Our daily roundup of retirement news your clients may be thinking about.
You’re so vain — I bet you think investing’s about you
Investors should not let their egos get in the way when making decisions that will affect their portfolio, writes an expert on MarketWatch. They will be better off sticking to the strategy of owning a mixed bag of stocks and bonds and rebalancing their portfolios, rather than making investing decisions "in purely personal terms" and shifting to investment types that promise incredibly bigger returns, writes the expert. Once you’re down by enough there is no recovery, no magical investment that can recoup a horrible call made when vanity overpowered common sense. Institutional investors know well that outsize gains are typically followed by years of low performance or outright losses, the expert writes. “Concentrated bets have a way of going south. Emotions can drive you into the ditch."
What you need to do if you want to put off retirement like Warren Buffett
Clients are advised to have a financial plan if they intend to continue working past their retirement age, according to this article on CNBC. They should ensure that they sock away cash in their retirement accounts and make the necessary adjustments to their retirement income. Clients who want to keep working in the golden years should stay fit and healthy, and manage their time well. "Many of us are going to be forced into retirement. Retirement readiness is crucial, regardless of what your plans are," says an expert.
With tax savings, some employers will boost 401(k) contributions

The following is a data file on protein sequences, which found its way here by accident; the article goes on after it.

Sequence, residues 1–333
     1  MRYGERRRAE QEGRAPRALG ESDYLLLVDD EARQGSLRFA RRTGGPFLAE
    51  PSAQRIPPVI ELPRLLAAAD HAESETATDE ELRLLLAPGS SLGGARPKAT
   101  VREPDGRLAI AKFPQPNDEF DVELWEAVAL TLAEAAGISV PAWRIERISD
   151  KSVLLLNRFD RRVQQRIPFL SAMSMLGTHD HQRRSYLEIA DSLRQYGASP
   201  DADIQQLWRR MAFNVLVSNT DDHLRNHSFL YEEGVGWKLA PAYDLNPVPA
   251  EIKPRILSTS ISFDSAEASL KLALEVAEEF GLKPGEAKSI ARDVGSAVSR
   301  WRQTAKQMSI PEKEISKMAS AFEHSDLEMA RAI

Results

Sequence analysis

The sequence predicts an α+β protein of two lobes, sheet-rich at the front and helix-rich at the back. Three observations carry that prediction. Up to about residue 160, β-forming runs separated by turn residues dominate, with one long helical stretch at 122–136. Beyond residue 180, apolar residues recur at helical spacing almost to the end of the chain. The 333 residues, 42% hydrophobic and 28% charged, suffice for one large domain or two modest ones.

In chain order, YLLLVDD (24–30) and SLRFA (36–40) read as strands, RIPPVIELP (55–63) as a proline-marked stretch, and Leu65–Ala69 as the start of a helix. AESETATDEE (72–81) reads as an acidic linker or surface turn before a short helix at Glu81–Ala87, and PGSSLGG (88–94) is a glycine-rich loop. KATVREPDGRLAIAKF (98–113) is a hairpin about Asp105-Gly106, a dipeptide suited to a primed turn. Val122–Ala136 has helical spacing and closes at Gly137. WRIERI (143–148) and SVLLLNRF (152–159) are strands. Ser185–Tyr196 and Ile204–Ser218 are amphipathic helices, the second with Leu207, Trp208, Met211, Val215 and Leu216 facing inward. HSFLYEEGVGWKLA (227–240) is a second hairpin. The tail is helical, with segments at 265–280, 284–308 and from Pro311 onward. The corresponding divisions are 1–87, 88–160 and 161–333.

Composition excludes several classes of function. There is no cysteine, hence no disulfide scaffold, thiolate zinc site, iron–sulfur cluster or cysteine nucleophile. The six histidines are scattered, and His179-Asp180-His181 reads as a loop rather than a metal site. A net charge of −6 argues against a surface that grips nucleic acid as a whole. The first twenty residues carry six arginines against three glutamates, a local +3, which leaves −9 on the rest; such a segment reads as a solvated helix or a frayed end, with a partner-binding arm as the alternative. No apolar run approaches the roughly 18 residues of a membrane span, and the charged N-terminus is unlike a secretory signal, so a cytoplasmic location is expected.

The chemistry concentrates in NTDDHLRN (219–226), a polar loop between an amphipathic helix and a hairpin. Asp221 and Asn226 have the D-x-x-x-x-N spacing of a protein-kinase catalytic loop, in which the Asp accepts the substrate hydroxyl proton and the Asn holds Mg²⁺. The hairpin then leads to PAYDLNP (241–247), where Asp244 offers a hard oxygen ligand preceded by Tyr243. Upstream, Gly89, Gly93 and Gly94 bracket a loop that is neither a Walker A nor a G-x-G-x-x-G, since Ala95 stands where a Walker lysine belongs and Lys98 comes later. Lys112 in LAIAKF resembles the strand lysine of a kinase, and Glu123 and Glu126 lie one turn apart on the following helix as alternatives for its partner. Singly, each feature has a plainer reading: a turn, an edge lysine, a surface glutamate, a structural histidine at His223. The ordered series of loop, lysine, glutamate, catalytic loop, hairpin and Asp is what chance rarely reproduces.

More employers are looking at spending the savings they expect under the new tax law on increasing the company's matching contributions in their 401(k) plans, according to this article from The Wall Street Journal. A dealership company says it will boost its match to 50% of the first 4% of their employee's contribution. “We felt that enhancing benefits would be a continuous opportunity for employees and continue to drive high employee retention,” says a spokesperson of the company.
Should I invest part of my bonus in my 401(k)?
Workers have an option to stash their bonus in their 401(k), but doing it may not be a good idea, according to this article on Morningstar. That's because by doing so they will reach their annual contribution limits before the calendar year ends. Moreover, if they hit the limit too early, they will not be able to get their employer's matching contributions.
Millennials will need more than $200,000 to retire: Chris Hogan
Thirty-four percent of millennials polled by Aperion Care claimed that they would need to save $200,000 to secure their retirement, according to this article on Fox Business. However, an expert thinks otherwise. “It’s depending on your lifestyle and so everyone is going to be a little bit different...," says the expert. Still, if they think $200,000 is enough, “I’ve got to give them a wake-up call,” he says.